How carbon sequestration fits into your city’s climate plan

When pursuing net-zero targets for cities, carbon capture is crucial. Through active CO2 storage, cities can balance out the last persistent carbon emitters in their territories. However, it is routinely being overlooked in local climate policy. As policymakers, we focus hugely on climate mitigation, reducing our emissions. But we often forget the other side of the coin in the process: how much CO2 is being stored? A vital component to complete the whole picture. Surprisingly, we see that no administration possesses the figures, reports on them, or even sets concrete targets to maintain or possibly increase carbon capture. This is very understandable, as until recently it was very difficult for cities to obtain data about CO2 storage on their territory. Our collaboration with Genvision seeks to make this problem a thing of the past.

Ides Peeters
April 23, 2024

What exactly is carbon sequestration and storage?

At its core, carbon sequestration and storage involves extracting carbon dioxide from the atmosphere by any means, both technical as well as through the natural means of vegetation, soil, or the ocean. The captured CO2 is then safely stored to prevent it from being released back into the atmosphere and negating all efforts. The result is net CO2 removal from the air. The reverse of emissions.

Technical methods

There are several methods to capture CO2 from the air. Research into technical methods is currently in its infancy. There is plenty of testing and scaling up, but little is fully operational yet. What is certain is that the finished product will require heavy investment to implement, and that it will not be applicable everywhere in the world. After all, you need a suitable geological formation that serves as a repository. Moreover, the technical solutions are mainly designed as a compensation strategy for expanding industry. In an urban context, they are less relevant and applicable. However, there is an alternative way to store CO2, one that is ubiquitous and does so on a day-to-day basis: nature.

Nature-based carbon capture and storage

When trees and plants grow, they take CO2 from the air and convert it into biomass. But when they die, some of this stored CO2 is released again. With the rapid expansion of cities and towns, we have had to sacrifice a lot of nature for buildings over the years, leading to significant CO2 emissions. Fortunately, these same cities and towns can now put a positive spin on that trend. By incorporating and planting more nature in their streetscapes, policymakers can focus on CO2 storage to meet their net-zero targets. But the benefits of nature go beyond that.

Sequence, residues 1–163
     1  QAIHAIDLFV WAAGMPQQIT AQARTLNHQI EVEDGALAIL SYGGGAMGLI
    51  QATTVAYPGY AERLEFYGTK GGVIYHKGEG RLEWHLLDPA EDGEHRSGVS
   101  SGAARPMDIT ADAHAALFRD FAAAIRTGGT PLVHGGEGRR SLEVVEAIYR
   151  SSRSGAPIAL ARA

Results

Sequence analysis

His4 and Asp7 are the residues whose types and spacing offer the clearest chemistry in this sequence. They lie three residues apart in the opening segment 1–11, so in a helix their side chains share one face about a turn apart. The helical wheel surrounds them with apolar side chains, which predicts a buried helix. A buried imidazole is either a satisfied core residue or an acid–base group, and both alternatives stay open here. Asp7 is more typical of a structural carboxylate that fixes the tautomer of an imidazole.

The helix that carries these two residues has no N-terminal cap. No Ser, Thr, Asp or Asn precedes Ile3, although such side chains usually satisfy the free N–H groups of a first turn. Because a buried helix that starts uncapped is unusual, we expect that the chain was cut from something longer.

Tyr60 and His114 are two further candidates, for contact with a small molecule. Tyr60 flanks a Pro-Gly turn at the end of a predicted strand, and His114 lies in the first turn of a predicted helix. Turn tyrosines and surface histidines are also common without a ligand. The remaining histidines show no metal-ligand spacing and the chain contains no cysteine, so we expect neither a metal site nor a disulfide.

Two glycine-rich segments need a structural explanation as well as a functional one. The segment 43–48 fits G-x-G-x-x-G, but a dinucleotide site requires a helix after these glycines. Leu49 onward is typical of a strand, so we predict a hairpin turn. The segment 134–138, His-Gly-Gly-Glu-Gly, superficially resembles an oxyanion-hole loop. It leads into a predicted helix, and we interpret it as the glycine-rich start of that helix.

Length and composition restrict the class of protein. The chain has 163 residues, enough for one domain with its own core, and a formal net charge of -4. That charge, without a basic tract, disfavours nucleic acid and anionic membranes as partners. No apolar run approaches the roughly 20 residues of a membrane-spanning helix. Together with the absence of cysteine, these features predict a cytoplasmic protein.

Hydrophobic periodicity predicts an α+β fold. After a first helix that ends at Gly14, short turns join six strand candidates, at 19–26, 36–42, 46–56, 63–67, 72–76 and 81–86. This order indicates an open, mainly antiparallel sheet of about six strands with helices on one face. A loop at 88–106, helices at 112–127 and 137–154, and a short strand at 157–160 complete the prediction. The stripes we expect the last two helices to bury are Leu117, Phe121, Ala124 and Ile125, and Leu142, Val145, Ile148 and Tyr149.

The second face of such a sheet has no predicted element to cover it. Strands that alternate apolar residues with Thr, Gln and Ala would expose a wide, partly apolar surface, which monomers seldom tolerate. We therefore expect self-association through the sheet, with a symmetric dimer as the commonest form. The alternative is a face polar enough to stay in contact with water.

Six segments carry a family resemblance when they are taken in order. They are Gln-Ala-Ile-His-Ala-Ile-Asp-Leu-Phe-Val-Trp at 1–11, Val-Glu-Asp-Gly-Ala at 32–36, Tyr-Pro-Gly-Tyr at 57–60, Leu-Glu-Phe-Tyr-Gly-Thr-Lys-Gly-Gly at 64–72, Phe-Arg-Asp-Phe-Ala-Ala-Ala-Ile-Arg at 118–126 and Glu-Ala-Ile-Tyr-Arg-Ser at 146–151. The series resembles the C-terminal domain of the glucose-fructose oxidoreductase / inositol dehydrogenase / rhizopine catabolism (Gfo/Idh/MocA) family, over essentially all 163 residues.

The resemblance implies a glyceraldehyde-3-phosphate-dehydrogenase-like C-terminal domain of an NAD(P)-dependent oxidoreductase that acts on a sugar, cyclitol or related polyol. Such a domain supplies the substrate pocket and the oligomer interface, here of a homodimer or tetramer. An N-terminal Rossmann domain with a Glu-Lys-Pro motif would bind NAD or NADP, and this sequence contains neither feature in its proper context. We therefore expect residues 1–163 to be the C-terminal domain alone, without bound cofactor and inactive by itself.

Nature’s multifaceted contribution to climate plans

In the fight against climate change, nature has many applications. It has several valuable properties to help cities become more sustainable and resilient.

·      Nature captures carbon from the atmosphere, compensating emissions.

·      The cooling effect by the breathing of plants, as well as the shade provided by trees, both reduce the heat island effect in cities.

·      Dehardening associated with greening the streetscape makes cities more resilient to extreme rainfall and flooding.

·      Plants serve as natural airfilters. They ensure better air quality.

·      Less tangible benefits are also provided by nature, such as improved well-being, increased community cohesion and better mental health of citizens.

In short, nature is vital in cities' climate plans to adapt and protect themselves against the challenges of tomorrow.

The challenge in valuing nature-based solutions

If nature has so many benefits, why don't we find it practically everywhere in our cities? The problem here is that the listed benefits are difficult to quantify, and certainly not in monetary terms. For instance, how do you determine the value of a cool street on a hot day, let alone a stronger community bond? This results in decision makers not fully grasping all the benefits nature brings to their city, and consequently not prioritizing its development. This is also the problem with CO2 storage. While it is traditionally possible to measure the CO2 content of a tree, it is a labor-intensive and time-consuming process. Each tree's height and diameter must be manually measured and this data should be updated annually to assess its evolving carbon storage capacity. Not optimal, in other words.


However, this is all in the past, as thanks to the collaboration with Genvision, it is now possible to accurately and efficiently measure CO2 storage of natural elements in urban areas. This innovative approach finally enables cities to manage their CO2 storage capacity, backed up by data, and even set purposeful targets for increasing it.

Genvision provides a solution

Genvision is a young, inspirational start-up, addressing exactly the previously described data gap in terms of CO2 storage. They replace expensive and time-consuming on-field measurements with optimized estimation algorithms tailored to remote sensing data. Their technology builds on top of existing remote sensing data products such as satellite imagery, for which they facilitate adequate retrieval, preprocessing and usage in order to monitor forests, tree planting projects and urban greenery.